A whole age of warfare sank with the Moskva

The military we have—an army built around tanks, a navy built around ships, and an air force built around planes, all of which are technologically advanced and astronomically expensive—is platform-centric. So far, in Ukraine, the signature land weapon hasn’t been a tank, but an anti-tank missile: the Javelin. The signature air weapon hasn’t been an aircraft, but an anti-air missile: the Stinger. And as the sinking of the Moskva showed, the signature maritime weapon hasn’t been a ship, but an anti-ship missile: the Neptune.

Berger believes a new age of war is upon us. In “Force Design 2030,” he puts the following sentence in bold: “We must acknowledge the impacts of proliferated precision long-range fires, mines, and other smart weapons, and seek innovative ways to overcome these threat capabilities.” The weapons General Berger refers to include the same family of anti-platform weapons Ukrainians are using to incinerate Russian tanks, shoot down Russian helicopters, and sink Russian warships. The successes against a platform-centric Russian Goliath by an anti-platform-centric Ukrainian David have elicited cheers in the West, but what we are witnessing in Ukraine may well be a prelude to the besting of our own American Goliath.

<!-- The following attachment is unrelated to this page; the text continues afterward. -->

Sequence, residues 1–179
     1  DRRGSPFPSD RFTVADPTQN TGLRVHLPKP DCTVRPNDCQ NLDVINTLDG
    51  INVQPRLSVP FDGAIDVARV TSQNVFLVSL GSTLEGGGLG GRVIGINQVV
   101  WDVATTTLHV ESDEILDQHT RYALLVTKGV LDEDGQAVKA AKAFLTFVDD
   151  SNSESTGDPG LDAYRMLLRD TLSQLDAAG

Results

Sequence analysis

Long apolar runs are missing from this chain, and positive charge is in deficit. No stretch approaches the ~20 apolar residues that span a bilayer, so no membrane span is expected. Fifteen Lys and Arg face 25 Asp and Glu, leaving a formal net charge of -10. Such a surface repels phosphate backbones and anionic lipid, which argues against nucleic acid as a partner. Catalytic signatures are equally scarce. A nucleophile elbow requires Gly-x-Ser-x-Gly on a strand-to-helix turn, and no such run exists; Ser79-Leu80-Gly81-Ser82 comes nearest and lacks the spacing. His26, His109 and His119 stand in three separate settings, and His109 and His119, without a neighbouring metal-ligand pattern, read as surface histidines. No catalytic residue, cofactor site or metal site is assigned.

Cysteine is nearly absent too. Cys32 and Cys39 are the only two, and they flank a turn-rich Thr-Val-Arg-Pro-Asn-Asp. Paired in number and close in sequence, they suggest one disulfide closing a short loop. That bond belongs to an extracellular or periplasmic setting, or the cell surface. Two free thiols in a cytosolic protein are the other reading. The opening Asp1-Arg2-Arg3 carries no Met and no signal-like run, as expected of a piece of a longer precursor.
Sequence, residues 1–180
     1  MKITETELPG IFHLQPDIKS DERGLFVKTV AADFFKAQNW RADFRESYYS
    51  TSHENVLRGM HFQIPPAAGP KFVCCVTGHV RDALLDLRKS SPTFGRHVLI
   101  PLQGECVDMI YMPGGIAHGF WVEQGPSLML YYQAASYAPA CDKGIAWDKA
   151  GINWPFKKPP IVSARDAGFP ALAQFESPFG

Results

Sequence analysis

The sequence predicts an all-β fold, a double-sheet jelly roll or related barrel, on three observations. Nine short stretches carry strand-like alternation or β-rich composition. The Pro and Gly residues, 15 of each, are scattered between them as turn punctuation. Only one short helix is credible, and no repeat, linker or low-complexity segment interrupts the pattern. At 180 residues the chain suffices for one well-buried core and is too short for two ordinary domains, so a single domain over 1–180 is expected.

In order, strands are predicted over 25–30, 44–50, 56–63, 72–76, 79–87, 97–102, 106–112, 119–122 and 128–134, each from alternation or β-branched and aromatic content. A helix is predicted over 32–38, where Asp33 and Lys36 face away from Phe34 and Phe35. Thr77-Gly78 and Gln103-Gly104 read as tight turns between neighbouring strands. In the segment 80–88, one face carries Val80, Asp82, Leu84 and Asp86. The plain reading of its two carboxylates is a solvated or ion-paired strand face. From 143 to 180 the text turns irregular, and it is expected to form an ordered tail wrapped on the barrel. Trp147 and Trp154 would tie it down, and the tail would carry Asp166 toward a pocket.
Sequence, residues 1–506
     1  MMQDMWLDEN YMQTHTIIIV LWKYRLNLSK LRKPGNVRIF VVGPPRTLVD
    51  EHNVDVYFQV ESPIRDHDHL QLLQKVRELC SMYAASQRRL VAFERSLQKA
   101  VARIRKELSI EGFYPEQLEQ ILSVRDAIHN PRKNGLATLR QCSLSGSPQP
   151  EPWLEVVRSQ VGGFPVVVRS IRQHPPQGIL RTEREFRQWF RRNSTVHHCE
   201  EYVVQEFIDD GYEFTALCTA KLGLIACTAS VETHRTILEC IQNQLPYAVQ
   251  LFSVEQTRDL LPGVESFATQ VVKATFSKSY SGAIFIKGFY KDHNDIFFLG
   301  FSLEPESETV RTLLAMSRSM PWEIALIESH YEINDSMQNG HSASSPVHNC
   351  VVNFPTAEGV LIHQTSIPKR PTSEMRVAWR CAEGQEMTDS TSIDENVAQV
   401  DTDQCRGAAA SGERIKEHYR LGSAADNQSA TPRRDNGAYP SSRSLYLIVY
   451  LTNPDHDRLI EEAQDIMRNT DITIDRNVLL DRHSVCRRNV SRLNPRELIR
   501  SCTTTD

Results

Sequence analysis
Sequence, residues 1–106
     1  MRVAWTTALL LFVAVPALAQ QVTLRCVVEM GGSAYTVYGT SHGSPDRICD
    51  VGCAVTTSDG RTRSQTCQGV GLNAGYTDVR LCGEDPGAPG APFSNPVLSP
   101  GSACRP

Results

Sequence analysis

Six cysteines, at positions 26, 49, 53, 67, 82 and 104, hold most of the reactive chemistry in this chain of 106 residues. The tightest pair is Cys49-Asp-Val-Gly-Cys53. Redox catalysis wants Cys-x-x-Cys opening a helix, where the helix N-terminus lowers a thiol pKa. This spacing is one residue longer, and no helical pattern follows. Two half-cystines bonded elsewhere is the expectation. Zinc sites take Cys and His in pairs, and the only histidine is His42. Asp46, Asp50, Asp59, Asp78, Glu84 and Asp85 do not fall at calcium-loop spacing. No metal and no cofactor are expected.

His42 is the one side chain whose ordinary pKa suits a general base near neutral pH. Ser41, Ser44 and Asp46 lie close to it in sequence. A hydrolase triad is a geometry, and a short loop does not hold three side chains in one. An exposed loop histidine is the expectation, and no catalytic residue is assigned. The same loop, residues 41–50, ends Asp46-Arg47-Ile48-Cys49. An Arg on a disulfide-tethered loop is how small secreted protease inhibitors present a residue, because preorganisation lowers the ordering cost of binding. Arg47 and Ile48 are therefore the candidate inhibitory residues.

Like its Russian counterpart, the American military has long been built around platforms. To pivot away from a platform-centric view of warfare is both a cultural challenge—what does it mean to be a fighter pilot without a jet, a tanker without a tank, or a sailor without a ship?—and a resource challenge. It asks the U.S. military, as well as the U.S. defense industry, to divest itself of legacy capabilities like, for example, a $13 billion Ford-class aircraft carrier, in order to invest in new, potentially less profitable technologies like, say, $6,000 Switchblade drones that can kill tanks.